Adam Orman hoped that a raise in wages would convince restaurant workers to come back.
Instead, he says, he’s seeing hiring numbers that are far below what he considered a good period in the industry.
Cooper, the owner and general manager of L’Oca d’Oro in Austin, Texas, says that he sees the shortage of workers as a turning point for the restaurant industry. He says change is needed to remedy the issue and hopes that smaller restaurants like his will follow suit with a wage raise.
But he admits his restaurant is an “outlier.”
“Nobody wants to work this taxing and stressful job for $2.13 per hour with no benefits,” Orman said. “Even though we offer much more than that, it’s hard to get our message out to all potential applicants.”
Outside of massive chains like Chipotle or McDonalds, restaurants have yet to raise wages unilaterally. Even as restrictions ease and business picks up, small-scale restaurants are clinging to a sense of optimism to carry them through this tough period and hope that the shortage will work itself out. Some owners hope the prospect of increased business — and fatter tips — will woo workers back. Some companies, especially large chains like Chipotle, are offering hiring bonuses and other incentives in the hopes of avoiding permanent wage increases. But smaller businesses say they simply can’t afford to pay more.
But experts say it’s short-sighted to worry about being bankrupted by a hefty payroll when staff is dwindling by the day.
“For some [businesses], the lack of workers may push them to re-evaluate their own business models,” said Alice Cheng, CEO and founder of Culinary Agents, a restaurant industry job and news site. “For businesses who plan simply to rely on increased wages from tips, they may be setting themselves up for more near-term uncertainty as diners in the post 2020 environment may be more unpredictable.”
Total eating and drinking at restaurant sales are up $1.9 billion in April compared to March. Job openings are continuing to grow stronger month-over month yet hiring remains stagnant. March saw record job openings – topping 8 million – according to the Bureau of Labor Statistics. Hiring, however, only rose 4%. The industry is still 1.7 million jobs below pre-pandemic months.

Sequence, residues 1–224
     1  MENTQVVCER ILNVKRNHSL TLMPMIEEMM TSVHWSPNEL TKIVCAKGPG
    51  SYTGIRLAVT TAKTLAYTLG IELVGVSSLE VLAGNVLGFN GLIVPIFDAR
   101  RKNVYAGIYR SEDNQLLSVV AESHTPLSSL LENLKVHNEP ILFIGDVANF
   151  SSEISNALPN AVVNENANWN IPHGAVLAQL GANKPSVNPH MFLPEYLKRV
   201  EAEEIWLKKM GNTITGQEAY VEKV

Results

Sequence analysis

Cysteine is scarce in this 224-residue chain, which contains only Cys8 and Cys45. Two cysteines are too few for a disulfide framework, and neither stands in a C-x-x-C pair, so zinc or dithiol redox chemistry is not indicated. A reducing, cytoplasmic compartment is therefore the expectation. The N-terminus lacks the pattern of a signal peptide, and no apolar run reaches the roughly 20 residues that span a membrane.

“After a year of closures and delays, restaurants are urgently trying to fully staff up to meet the rising demand,” Cheng said. “Now, with so many businesses re-opening and expanding simultaneously, the supply side shortage is very real.”
The situation was less dire in 2020. While dealing with some shortages, operators were still staffing fast enough to keep up with business before the situation exploded. Now, not only has demand for work skyrocketed, but demand from consumers to eat out has climbed as well, as consumer prices at restaurants rose 0.3% in April.
In Texas, restrictions have been eased for months. Orman says he’s listing job postings more widely than ever in hopes to bring workers back. But even with better wages and hours, he says, workers retain a bad taste in their mouths toward an industry that so desperately wants them back after just as quickly kicking them to the curb in 2020.
“We’re offering great wages plus tips, plus direct primary care, subsidized counseling and paid leave and we’re seeing a fraction of the applicants we used to,” he said.
But operators’ optimism that the shortage of workers will work itself out doesn’t reflect a truly shifting industry. The debate over short-term worker shortages is happening as the federal government is weighing a federal minimum wage of $15. Restaurants have fought for years against such an effort, citing the same arguments of affordability and a need to cut staff if enacted Yet Some states have already implemented wage hikes successfully, nullifying cries of payroll issues from operators.
“Restaurant owners in markets where wage floors have increased substantially in recent years – thanks to more and more states enacting the change – have seen that their total labor costs aren’t a simple multiple of hourly wage,” said Xavier De Souza Briggs, a nonresident senior fellow at the Brookings Institute Metropolitan Policy Program. He says there are benefits which makes attracting workers easier and drives up retention.
Briggs says the biggest resistance toward raising the minimum wage comes from the National Restaurant Association, which doesn’t represent smaller businesses. Instead, he says, it’s dominated by large chains with more real estate and cash behind them.
But operators, which on one hand are seemingly desperate for workers to flock back, aren’t swallowing their pride. They point to unemployment benefits and stimulus checks as the reason for their problems. Without a raise in wages to reflect the changes in the industry, though, operators aren’t helping their case to bring workers back.